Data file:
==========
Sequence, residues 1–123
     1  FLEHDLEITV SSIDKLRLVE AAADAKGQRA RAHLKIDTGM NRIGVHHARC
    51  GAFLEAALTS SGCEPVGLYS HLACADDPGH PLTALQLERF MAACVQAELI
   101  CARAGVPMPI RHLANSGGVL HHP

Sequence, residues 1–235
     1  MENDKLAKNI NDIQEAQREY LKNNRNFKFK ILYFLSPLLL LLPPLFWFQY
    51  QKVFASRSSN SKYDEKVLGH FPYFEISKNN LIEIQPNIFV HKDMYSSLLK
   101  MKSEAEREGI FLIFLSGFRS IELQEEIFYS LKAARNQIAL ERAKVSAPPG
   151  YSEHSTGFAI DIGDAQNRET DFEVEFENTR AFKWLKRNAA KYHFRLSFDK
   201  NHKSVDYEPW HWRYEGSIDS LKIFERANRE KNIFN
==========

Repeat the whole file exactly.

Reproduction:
Sequence, residues 1–123
     1  FLEHDLEITV SSIDKLRLVE AAADAKGQRA RAHLKIDTGM NRIGVHHARC
    51  GAFLEAALTS SGCEPVGLYS HLACADDPGH PLTALQLERF MAACVQAELI
   101  CARAGVPMPI RHLANSGGVL HHP

Sequence, residues 1–235
     1  MENDKLAKNI NDIQEAQREY LKNNRNFKFK ILYFLSPLLL LLPPLFWFQY
    51  QKVFASRSSN SKYDEKVLGH FPYFEISKNN LIEIQPNIFV HKDMYSSLLK
   101  MKSEAEREGI FLIFLSGFRS IELQEEIFYS LKAARNQIAL ERAKVSAPPG
   151  YSEHSTGFAI DIGDAQNRET DFEVEFENTR AFKWLKRNAA KYHFRLSFDK
   201  NHKSVDYEPW HWRYEGSIDS LKIFERANRE KNIFN